Difference Between Vaginal Infection and Vaginal Bleeding
Are you concerned that the vaginal bleeding you are currently experiencing could actually be a type of vaginal infection bleeding, as opposed to the bleeding you experience from your normal menstrual cycle?
The term vaginal infection, which can include infections that are bacterial, fungal and even parasitical in nature, can cause a number of troublesome vaginal symptoms, including vaginal infection bleeding.
But how do you differentiate between normal menstrual bleeding and the type caused by infection? This is not always an easy proposition; however, when the bleeding is caused by infection there will usually be other signs and symptoms that are fairly easy to recognize.
In this article we will take a closer look at this topic by providing a comprehensive definition of vaginal infection bleeding, explaining its characteristics and outlining some of the more common infectious causes for this awkward and embarrassing problem.
What Is Vaginal Infection Bleeding?
As the name suggests, vaginal infection bleeding is blood that flows from the vagina as the result of some type of infection. This blood can originate in the vagina, cervix or uterus, but in the case of infection-related bleeding, the origin point is most typically the vagina.
When a woman experiences unexpected vaginal bleeding – a typical bleeding that occurs outside of the normal menstrual cycle – it can point to a number of underlying conditions, some more serious than others. For example, vaginal bleeding can often be caused by irritation, due to vaginal dryness or sex, or it may be a side effect of certain medications.
Pregnancy complications can also cause vaginal bleeding, and in more serious cases, uterine cancer or pelvic inflammatory disease may be to blame. Only a doctor can say for certain what the root of your bleeding is, however, in the majority of vaginal bleeding cases – when the bleeding occurs outside of the normal menstrual cycle – the root cause is normally some type of vaginal infection.
Vaginal Infections and Vaginal Bleeding
There are many different types of vaginal infections, each with a different cause, but regardless of the specific origin of the infection, it will almost always lead to a condition called vaginitis.
Vaginitis can best be defined as an irritation and/or inflammation of the vagina, with characteristics that may include redness, soreness, itching and burning, and in some cases, vaginal discharge and vaginal bleeding.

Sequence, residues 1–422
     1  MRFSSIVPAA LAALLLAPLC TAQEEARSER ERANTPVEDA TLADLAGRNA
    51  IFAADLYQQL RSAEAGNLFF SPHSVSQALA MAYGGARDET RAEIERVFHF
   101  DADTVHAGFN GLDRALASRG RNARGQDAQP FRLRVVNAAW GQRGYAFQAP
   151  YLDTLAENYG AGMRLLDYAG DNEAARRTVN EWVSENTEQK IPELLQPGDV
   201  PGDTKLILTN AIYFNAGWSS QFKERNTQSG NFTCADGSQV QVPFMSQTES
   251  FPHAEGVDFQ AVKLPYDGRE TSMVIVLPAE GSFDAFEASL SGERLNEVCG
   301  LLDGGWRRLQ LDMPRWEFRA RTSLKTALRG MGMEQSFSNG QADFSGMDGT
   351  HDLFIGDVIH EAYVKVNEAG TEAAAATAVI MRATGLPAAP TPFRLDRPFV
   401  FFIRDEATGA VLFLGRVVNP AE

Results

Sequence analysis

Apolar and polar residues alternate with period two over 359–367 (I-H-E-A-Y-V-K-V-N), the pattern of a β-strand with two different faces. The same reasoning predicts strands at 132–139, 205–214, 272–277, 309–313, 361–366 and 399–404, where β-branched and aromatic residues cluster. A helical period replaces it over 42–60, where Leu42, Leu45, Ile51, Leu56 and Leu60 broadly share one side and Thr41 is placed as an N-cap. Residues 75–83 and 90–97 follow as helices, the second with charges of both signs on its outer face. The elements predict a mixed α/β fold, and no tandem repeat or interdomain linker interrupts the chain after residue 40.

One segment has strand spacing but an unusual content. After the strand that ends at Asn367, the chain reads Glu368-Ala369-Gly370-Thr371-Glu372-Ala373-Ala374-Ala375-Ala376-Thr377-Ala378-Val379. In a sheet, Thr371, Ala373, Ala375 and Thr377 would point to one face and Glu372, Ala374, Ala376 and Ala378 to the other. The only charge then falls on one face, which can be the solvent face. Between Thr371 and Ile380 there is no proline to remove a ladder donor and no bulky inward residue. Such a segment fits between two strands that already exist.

While vaginal infection bleeding can potentially occur at any time during the infection cycle, most cases of vaginal infection bleeding are the result of direct contact with the affected area, which is why vaginal bleeding is so prevalent during and after sexual intercourse.
The amount of bleeding women experience varies, and can range from mere spotting in the less serious cases, to a very heavy flow when the infection and irritation are more profound.
There are several types/classifications of vaginal infections that can eventually lead to vaginal infection bleeding. These infections can be caused by bacteria, fungus, viruses and even parasites and include:
- Vaginal Yeast Infection. A very common type of infection among women, vaginal yeast infection is caused by an overgrowth of fungus which can leave the vagina area very dry and irritated.
- Bacterial Vaginosis. Bacterial vaginosis is caused by an overgrowth of harmful bacteria and can also lead to vaginitis.
- Gonorrhea. Gonorrhea, while not technically an infection, is a sexually transmitted disease that can cause vaginal infection bleeding.
- Chlamydia. Also sexually transmitted, Chlamydia is a type of bacterial infection that, when left untreated, can lead to many serious complications, including vaginal infection bleeding.
- Trichomoniasis. Trichomoniasis is caused by a tiny protozoan, a parasite that causes infection and potential bleeding.
Vaginal bleeding is a normal, monthly menstrual function, but when that bleeding is abnormal, such as bleeding that is very heavy or occurring at unexpected times, it may be a sign of a more serious underlying cause.
In many cases, the root of the problem may be one of the treatable vaginal infections listed above, but to be on the safe side, and to rule out a more serious condition such as uterine or cervical cancer, it’s extremely vital that you meet with your doctor at the first sign of symptoms.